It’s June. I love how my city describes the hot, humid days we love to hate. It’s just so ‘close.’
When I came to Richmond to go to medical school and first heard that phrase, I remember thinking, “Close to what?” VCU Medical Center was MCV back then, and when I graduated to become a pediatrician, I chose to stay in this ‘close’ town instead of moving to a city with a real Children’s Hospital for residency. My better half and my beautiful family would never have come to be had I made a different choice. No regrets.
Except of course… that it’s twenty five years later, and we still don’t have a real children’s hospital. You know… the kind of hospital where only the kids go and adults are usually staff members but not patients?
Mayor Jones must understand my concerns. He spoke openly about children’s healthcare, citing facts and statistics that should embarrass both our city and the Commonwealth. Some of them were as oppressive as the weather is ‘close.’ Here’s some of what he had to say at the Open Community Wealth Building Summit:
“Recently, Central Virginia has engaged in an impassioned conversation about healthcare for children in our community, and the possibility of creating a freestanding children’s hospital.
It’s an important goal for our community and for the Commonwealth as a whole.
But one thing has been missing from this conversation: Facts about the health of children. People deserve to know the facts.
And while Virginia is blessed with many fine hospitals and dedicated doctors and nurses, the fact is that the Commonwealth’s health outcomes for children are in the middle of the pack, at best.
The fact is that Virginia lags behind national numbers in childhood immunization rates, access to mental health care, and infant mortality, which is higher in the City of Richmond than the average for any of the 50 states or the District of Columbia.
For African American babies born in the City, the infant mortality rate is more than TWICE the rate for the Commonwealth as a whole.
The percent of babies born with low birth weight is substantially higher in Richmond than in the state as a whole, and it’s higher still for African American babies.
When babies are born with low birth weight, they often have multiple serious health problems as children. If they need specialized care, they often have to leave town to get it.
But if they’re poor, they usually don’t have a way to travel for care out of town.
We all know that these numbers are connected to the fact that 26% of our people live in poverty.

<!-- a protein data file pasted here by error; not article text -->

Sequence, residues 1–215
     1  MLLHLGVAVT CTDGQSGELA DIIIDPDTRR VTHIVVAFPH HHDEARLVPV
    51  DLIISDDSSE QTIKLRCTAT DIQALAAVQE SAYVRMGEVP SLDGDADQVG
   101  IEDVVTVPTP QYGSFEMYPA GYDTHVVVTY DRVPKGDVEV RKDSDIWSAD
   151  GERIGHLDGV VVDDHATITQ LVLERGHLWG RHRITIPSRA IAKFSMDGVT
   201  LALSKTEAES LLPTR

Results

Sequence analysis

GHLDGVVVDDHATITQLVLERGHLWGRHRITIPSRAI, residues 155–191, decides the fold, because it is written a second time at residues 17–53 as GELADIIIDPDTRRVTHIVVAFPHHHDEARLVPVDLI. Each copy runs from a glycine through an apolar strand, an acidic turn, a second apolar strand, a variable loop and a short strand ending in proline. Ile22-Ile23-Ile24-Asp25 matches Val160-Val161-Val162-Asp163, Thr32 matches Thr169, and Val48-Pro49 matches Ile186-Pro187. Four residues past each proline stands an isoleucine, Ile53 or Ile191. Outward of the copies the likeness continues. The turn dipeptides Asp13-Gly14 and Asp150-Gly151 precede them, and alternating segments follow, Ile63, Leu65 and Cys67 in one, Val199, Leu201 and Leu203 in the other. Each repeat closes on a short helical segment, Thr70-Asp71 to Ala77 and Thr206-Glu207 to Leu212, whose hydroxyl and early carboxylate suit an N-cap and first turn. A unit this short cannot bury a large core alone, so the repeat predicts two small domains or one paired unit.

It’s just a fact that poor people have worse health outcomes.
In fact, the New York Times recently highlighted a VCU study which found that a child born in Gilpin Court can expect to live no longer than a child born in Haiti, the poorest country in the western hemisphere.
That’s a fact right here in the capital city of one of the wealthiest states in America. It’s immoral and it’s an outrage.
With facts and numbers like these, I simply cannot sit by and accept the argument that health care for children in central Virginia is fine just the way it is.
That’s why, in the coming days I will convene a group of interested stakeholders from around the region, to better understand what these facts mean for our children and for our community.
I want to be clear: Virginia’s capital city needs a freestanding children’s hospital, to serve the needs of all our children, especially the ones who are poor.
I’m committed to it, and I’ll work with anyone who wants to bring this hospital to life.”
Mayor Jones, I’ve been praying for this hospital for more than twenty years. More often than you can imagine, and you’re a minister. I want to be a catalyst for bringing a children’s hospital to life. I’ve had five children, and I know a little bit about birthing, maybe a little more about what children need to stay healthy, but I don’t know a thing about building a hospital.
And that never stopped a determined mother before. You and I both know that every other city the size of Richmond has seen fit to build its smallest citizens a real hospital of their own. And our children do without. My children have done without.
I will not stop speaking those words and writing the children’s story until every mother understands what is true. You said it best, Mayor Jones. “I simply cannot sit by and accept the argument that health care for children in central Virginia is fine just the way it is.”
You are so right. And I am determined to be the squeaky wheel with you. You keep talking about our children. They deserve the best.
Gayle Schrier Smith, MD